University of Iowa College of Law
Litigation financing is nonrecourse funding of litigation by a non-party for a profit. It is a burgeoning and controversial phenomenon that has penetrated the Unites States in recent years. Since "most of the important phenomena of modern litigation are best understood as results of changes in the financing and capitalization of the bar," it is not surprising that litigation financing has been dubbed by RAND as one of the "biggest and most influential trends in civil justice" and by the Chamber of Commerce "a clear and present danger to the impartial and efficient administration of civil justice in the United States." In the past couple of years it has captivated equally the law reviews, the daily mainstream media, regulators, legislatures and the courts.
However, there is a complete absence of information about or discussion of litigation finance contracting, even though all the benefits and risks embodied in litigation funding stem from the relationships those contracts shape and formalize. In A Model Litigation Finance Contract we (i) set out the efficiency and justice case for a model contract; (ii) build on previous work to make the case for using venture capitalism as analog and starting point for modeling contracts; (iii) describe the ethical and economic challenges faced by the parties entering into litigation finance contracts and narratively explain the contractual solutions they have devised to eliminate or minimize such pitfalls; (iv) provide a model contract and; (iv) conclude by mapping out a research agenda for the new field of litigation finance contracting.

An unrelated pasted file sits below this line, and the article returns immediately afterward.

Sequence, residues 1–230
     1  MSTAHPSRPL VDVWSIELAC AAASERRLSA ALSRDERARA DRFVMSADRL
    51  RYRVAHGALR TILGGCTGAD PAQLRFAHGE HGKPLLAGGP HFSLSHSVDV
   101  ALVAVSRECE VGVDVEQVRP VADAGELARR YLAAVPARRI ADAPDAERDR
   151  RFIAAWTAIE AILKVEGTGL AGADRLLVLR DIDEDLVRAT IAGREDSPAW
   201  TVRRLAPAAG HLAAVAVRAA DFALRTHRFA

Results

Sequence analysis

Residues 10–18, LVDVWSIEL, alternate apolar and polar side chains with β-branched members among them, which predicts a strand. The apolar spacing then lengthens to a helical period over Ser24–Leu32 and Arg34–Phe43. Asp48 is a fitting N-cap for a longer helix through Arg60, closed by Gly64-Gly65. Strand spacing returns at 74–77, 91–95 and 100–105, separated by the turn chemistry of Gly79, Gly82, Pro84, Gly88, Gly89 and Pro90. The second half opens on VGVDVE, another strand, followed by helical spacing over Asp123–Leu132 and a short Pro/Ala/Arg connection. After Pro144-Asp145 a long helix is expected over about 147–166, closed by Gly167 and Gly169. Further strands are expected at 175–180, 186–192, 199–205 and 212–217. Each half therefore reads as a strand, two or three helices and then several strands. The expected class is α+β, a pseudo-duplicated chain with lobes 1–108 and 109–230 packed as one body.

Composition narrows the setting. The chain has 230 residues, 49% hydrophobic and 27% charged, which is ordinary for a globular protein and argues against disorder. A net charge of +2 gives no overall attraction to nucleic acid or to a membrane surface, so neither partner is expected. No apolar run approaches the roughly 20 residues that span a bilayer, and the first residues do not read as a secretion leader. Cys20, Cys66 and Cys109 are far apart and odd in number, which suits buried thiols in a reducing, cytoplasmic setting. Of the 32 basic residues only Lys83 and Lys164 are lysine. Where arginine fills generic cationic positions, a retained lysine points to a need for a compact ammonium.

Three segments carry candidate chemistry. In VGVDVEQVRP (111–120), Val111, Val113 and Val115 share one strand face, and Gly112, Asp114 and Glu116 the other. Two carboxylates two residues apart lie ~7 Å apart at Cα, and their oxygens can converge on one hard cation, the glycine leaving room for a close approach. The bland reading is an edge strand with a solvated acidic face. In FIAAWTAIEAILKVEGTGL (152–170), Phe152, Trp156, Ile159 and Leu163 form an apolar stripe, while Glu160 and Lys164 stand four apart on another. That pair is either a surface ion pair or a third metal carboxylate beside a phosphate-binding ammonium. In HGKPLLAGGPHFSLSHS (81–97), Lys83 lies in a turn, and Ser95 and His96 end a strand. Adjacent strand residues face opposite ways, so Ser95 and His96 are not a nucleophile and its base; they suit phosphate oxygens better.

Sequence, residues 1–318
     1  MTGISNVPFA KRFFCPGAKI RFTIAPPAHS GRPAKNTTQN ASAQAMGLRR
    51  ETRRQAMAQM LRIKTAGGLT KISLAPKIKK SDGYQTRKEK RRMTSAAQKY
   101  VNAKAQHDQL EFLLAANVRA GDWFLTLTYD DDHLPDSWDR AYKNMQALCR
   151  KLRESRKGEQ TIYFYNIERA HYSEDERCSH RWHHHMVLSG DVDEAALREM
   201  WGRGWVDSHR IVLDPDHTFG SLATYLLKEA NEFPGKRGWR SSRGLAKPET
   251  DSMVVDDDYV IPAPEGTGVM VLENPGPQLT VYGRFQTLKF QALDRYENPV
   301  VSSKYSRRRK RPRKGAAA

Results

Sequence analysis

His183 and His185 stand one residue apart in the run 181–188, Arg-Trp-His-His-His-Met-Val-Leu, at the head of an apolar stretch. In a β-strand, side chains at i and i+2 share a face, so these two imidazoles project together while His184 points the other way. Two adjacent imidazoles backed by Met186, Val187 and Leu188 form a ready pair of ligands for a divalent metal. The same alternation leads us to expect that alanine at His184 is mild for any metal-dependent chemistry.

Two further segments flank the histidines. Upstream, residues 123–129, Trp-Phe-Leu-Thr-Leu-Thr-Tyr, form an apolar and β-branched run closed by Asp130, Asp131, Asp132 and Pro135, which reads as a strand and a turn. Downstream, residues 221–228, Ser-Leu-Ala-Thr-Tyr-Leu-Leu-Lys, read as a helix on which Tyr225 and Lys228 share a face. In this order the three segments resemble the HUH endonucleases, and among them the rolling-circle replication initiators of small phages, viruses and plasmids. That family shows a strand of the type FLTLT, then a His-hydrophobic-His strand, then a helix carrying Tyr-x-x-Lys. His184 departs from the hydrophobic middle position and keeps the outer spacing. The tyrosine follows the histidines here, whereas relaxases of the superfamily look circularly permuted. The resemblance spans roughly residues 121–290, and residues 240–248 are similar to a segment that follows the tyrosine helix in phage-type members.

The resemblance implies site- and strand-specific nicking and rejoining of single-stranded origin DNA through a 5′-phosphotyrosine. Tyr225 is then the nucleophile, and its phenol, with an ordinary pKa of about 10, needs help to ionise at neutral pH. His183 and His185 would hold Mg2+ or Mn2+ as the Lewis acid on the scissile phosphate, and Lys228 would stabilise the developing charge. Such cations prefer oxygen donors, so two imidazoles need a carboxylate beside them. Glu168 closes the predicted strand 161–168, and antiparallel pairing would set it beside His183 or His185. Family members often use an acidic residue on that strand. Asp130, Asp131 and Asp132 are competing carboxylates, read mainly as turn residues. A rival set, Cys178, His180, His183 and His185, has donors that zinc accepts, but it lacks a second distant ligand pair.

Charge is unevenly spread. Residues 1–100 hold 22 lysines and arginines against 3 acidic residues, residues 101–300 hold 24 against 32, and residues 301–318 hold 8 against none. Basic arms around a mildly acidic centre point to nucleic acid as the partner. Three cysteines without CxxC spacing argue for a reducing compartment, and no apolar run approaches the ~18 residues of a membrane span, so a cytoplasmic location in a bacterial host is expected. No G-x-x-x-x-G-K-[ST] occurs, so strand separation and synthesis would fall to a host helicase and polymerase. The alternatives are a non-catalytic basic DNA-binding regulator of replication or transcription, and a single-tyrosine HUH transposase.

Maya Steinitz & Abigail Field,
A Model Litigation Finance Contract
Iowa Law Review
Available at: https://scholarship.law.bu.edu/faculty_scholarship/3461